Texas School District Removes Holy Bible From School Libraries
Bibles were pulled from library shelves in one Texas school district this week.
The Bible ban in the Dallas-Fort Worth metro is part of a new Keller Independent School District Board of Trustees policy removing any books that had been challenged last year.
Jennifer Price, the district’s executive director of curriculum and instruction, sent an email to principals Monday, The Dallas Morning News reports.
“By the end of today, I need all [these] books pulled from the library and classrooms,” Price wrote. “Once this has been completed, please email me a confirmation. We need to ensure this action is taken by the end of the day. I apologize for the late request.”
The banned material, which includes an adaptation of Anne Frank’s diary, listed the Good Book as “The Bible (any variation-King James or otherwise)” on the district website.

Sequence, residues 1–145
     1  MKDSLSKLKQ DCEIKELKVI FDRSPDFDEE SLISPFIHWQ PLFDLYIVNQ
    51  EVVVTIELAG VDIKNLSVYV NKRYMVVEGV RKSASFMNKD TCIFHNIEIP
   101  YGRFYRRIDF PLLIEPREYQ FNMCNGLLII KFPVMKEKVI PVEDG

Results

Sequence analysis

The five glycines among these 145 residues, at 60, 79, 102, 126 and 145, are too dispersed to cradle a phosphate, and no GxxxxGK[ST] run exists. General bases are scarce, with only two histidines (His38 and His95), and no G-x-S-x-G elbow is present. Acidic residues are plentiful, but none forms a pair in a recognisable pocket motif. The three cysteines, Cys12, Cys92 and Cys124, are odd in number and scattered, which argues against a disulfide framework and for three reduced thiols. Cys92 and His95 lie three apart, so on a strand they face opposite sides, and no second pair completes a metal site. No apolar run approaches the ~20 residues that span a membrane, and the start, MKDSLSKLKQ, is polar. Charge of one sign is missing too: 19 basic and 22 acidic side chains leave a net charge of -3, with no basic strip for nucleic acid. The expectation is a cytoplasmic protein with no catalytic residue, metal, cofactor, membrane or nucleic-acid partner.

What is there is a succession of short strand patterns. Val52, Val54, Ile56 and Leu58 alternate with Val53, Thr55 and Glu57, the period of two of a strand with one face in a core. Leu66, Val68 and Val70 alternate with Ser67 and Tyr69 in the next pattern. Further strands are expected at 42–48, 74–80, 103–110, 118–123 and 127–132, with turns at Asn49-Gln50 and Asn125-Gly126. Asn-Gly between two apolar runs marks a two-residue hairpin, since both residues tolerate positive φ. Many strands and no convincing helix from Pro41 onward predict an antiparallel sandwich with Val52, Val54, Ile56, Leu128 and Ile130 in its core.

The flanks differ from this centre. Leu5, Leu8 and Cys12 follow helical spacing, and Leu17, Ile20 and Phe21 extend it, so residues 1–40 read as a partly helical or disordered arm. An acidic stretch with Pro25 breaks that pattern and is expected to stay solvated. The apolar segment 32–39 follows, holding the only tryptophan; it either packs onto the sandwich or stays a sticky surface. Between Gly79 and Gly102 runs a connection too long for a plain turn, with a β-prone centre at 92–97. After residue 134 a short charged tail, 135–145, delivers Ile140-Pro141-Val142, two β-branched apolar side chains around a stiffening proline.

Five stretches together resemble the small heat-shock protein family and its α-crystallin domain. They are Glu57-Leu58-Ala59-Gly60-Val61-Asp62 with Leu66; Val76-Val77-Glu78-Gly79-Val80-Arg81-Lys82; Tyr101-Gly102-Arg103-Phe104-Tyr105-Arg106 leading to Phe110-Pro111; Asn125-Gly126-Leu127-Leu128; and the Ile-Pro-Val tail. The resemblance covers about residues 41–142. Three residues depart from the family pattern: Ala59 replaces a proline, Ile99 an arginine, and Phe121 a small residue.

A parent complained about the Bible in November and withdrew their complaint in December, according to the list. This comes after the Texas Education Agency opened an investigation into the district for “sexually explicit books available to children,” according to the outlet.
National radio host Todd Starnes slammed the district.
“I told you this was going to happen. I told you they were going to come after the Bible,” he said on the “Todd Starnes Show” Wednesday.
“This is not about banning books. This is about age-appropriate material. I am stunned. We’re not talking about Berkely. We’re not talking about Brooklyn. We’re talking about Texas,” Starnes said.
“The problem with American schools right now is that they are not teaching the Bible in the classroom,” he added.
Another email Tuesday, sent by the associate superintendent John Allison, instructs school officials: “Books that meet the new guidelines will be returned to the libraries as soon as it is confirmed they comply with the new policy. We hope to be able to expedite the process and return eligible books into circulation as soon as possible.”